DOE lays out plan to reopen for the new school year

Coronavirus

The Department of Education released its reopening plan for the upcoming school year. But the teachers union still has some safety concerns. Public schools will be reopening on August 4, and the state says it’s committed to maintaining 180 instructional days in the new school year. How it plans to do that will vary from school to school. One of the issues the Hawaii State Teachers Association has is about social distancing.

Every campus has been given pre-approved instruction models to choose from and has until July 8 to finalize their decisions. What’s being considered, for example, at the elementary level: face-to-face instruction, a blended rotation where one group comes to campus while another group studies online, or a hybrid of the two. The models selected will depend on spacing, enrollment, and staffing levels.

“Special education students, students who are English language learners, and students who have conditions that really need in-person instruction, they are being prioritized to maximize time on campus with a teacher,” said Superintendent Christina Kishimoto.

Educators also plan on implementing cohorts or bubbles to keep the same group of students with the same staff throughout the day.

“So that only limited number of people are in close contact with one another if there is a problem, we will have a defined group of close contacts where we can quarantine without shutting down the entire schools,” said Department of Health Director Dr. Bruce Anderson.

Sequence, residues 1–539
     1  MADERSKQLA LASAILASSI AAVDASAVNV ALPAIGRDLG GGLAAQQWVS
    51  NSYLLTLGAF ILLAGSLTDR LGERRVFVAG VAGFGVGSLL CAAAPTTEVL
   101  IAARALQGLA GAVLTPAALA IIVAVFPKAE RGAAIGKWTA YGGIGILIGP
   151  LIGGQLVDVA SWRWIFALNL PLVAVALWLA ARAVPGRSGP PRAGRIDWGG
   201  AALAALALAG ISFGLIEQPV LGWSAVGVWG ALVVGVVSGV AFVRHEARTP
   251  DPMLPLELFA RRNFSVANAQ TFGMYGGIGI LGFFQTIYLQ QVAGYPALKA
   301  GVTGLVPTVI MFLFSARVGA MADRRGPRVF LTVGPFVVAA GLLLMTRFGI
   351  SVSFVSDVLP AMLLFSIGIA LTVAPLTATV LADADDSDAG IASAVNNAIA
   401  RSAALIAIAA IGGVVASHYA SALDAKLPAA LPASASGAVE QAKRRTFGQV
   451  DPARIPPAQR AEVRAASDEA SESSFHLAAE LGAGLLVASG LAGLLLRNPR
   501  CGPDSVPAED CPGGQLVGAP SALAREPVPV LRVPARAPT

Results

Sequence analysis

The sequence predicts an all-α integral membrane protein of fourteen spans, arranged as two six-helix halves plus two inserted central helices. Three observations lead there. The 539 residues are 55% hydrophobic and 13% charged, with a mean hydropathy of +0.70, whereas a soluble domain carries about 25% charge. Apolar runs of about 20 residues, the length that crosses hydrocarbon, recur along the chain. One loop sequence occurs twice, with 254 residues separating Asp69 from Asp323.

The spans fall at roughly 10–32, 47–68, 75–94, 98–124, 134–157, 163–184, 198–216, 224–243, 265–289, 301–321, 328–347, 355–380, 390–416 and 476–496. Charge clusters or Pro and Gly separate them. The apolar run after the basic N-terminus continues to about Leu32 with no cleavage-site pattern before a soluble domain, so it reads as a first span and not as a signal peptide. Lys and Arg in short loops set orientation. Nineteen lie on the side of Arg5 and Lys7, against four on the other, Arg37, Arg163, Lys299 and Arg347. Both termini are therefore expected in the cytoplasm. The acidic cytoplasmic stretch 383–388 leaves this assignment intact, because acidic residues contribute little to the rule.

When it comes to health and safety, face coverings must be worn when outside of the classroom. But students and teachers are not required to wear masks in the classroom setting, where the class is considered a cohort. Physical distance must be maintained of at least 3-feet between seats. At least 6-feet if students are facing each other. But Corey Rosenlee of the HSTA says positioning desks 3-feet apart put children and teachers at risk.

“Returning to a 3-foot policy after coming to an agreement with HSTA on a 6-foot standard is disingenuous,” said Rosenlee. “The CDC recommends at least putting a desk 6-feet apart when feasible to reduce risk. The CDC characterizes students who are not spaced apart as being at the highest risk of contracting COVID-19.”

In response, the state says 6-feet apart in the school setting is not always feasible. The 3-feet minimum distancing guidance for students not facing each other was recommended by the state’s Health Department.

The state says while face-to-face instruction is preferred, there may be situations in which parents may choose virtual learning only. There are E-School courses ready only for grades 6th through 12th.

As for after school care, Kishimoto says it’s up to each principal as to when to start the program.

“Once they feel solid on their operational strategies then they can implement their after school programs. They don’t need the approval to do that. They can go ahead and start doing that,” she said.

Kishimoto says schools have the first two weeks of instruction to ensure their new safety procedures are working and don’t need adjustments before they can start after school care.

To view the state’s reopening plan, click here.

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